Following up on yesterday’s post
about the Holdeman
decision, we struggled for a long time to find the proper analogy to bring home with real force the point of the argument we were making both to the trial court and the Tenth Circuit on appeal. We didn’t dispute that, under ERISA, Devine could assume roles as both the CEO of the business sponsoring the Plan and as the named fiduciary of the Plan. But we also felt strongly in our bones that if there was ever a shortfall in funds to operate the business and fund the Plan, allowing Devine to get away with failing to fund the Plan in favor of keeping the business open was completely wrong. In that case, Devine had to be held to the higher fiduciary standard of making sure the employees and their dependants were taken care of in terms of seeing to it that their medical expenses were paid rather than treating them as just another creditor of the business. It seemed self evident to us that when you hold two competing responsibilities and one demands a higher level of ethical conduct, when the two conflict you have to heed the call of the higher duty or it ceases to have any meaning. How could we make that reality clear to the court in our arguments?
It wasn’t until we were on appeal that we came up with what I believe is an illustration that shines more light on the issue. And since it involved lawyers and judges, we thought it would immediately hit home to the Tenth Circuit panel. I have no idea whether it made a difference to the court but here’s the analogy.
When a lawyer takes a case on a contingent fee, he wears two hats. One is the business judgment hat. He will only get paid a fee if he is successful in the case. Otherwise he gets nothing. The other hat is a fiduciary hat. He acts as an officer of the court and must be completely forthright and trustworthy in providing to the court all citations to precedential case law even when that precedent is damaging to his position. Let's say that after the attorney files the case he is handling on a contingent fee basis and before briefing the case for the court to decide it, our lawyer becomes aware of a controlling case that basically guts his theory. Assume that despite this knowledge he fails to disclose the controlling authority to the court. The court becomes aware of it through some other means. At oral argument the court says "why didn't you disclose that authority? Were you aware of it? If so, didn't you have the obligation as an officer of the court to disclose it to me?" Our hero responds: "yes, I was aware of that precedent. But Judge, this is a huge case for me. I have people in the office who need to eat. In my business judgment, I could not disclose the existence of that case because it would have caused me to lose the case and the fee that goes with it. In turn, and again exercising my business judgment, I believed that disclosing to you the case that guts my legal theory in this matter would have quickly required me to close the doors of my law firm. My business judgment told me I must sacrifice obligations otherwise applicable to me as an officer of the court in favor of avoiding significant and immediate adverse impact on my employees and their families, not to mention my own family."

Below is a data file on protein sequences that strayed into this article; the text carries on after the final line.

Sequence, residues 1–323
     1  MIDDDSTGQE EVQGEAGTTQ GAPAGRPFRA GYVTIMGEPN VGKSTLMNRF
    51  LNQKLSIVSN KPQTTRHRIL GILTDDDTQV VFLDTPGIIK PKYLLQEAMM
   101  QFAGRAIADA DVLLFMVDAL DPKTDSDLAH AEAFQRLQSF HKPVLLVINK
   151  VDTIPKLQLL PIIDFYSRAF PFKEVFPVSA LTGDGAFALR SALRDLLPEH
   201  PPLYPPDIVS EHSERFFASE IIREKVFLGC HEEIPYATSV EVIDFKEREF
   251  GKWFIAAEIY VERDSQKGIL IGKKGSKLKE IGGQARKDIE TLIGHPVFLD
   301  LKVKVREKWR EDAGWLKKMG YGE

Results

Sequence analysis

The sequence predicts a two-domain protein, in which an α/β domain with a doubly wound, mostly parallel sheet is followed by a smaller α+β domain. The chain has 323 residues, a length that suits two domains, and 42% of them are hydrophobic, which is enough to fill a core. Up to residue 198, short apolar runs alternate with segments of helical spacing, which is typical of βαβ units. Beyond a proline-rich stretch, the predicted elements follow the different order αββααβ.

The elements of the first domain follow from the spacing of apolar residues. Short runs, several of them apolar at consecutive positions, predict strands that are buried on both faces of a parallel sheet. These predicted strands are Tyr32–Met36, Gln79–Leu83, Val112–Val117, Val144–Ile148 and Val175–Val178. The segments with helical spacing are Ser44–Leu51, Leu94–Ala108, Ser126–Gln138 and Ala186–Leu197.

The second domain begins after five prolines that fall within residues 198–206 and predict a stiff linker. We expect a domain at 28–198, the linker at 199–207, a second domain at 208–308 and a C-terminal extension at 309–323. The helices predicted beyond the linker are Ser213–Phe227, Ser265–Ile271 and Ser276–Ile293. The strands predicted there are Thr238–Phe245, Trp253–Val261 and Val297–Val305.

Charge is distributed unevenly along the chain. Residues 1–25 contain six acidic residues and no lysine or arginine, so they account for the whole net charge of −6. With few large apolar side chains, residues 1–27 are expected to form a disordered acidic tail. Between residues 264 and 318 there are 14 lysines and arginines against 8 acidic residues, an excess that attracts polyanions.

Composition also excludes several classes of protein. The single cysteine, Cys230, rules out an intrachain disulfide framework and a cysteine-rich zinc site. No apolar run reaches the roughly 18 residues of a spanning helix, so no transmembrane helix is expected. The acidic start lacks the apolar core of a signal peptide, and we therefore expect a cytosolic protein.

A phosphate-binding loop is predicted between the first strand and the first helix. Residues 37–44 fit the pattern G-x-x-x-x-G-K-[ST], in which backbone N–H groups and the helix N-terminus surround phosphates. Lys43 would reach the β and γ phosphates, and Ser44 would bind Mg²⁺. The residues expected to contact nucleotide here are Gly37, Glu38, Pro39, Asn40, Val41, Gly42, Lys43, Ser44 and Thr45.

I believe the court would have said something like this to that unfortunate attorney. “Thank you for your candor. Not only am I ruling against you in this case but I am reporting you to the Bar. This justification is ludicrous. You know it and I know it. Your rationale is offensive to me and to every other right thinking judge or legal counsel. Go home and await a phone call to be investigated as to your worthiness to practice law.” And that Judge would be absolutely correct.
There is no question in my mind that the express language of ERISA dictates the same response by the federal judiciary to Devine as the Judge’s response in my hypothetical.
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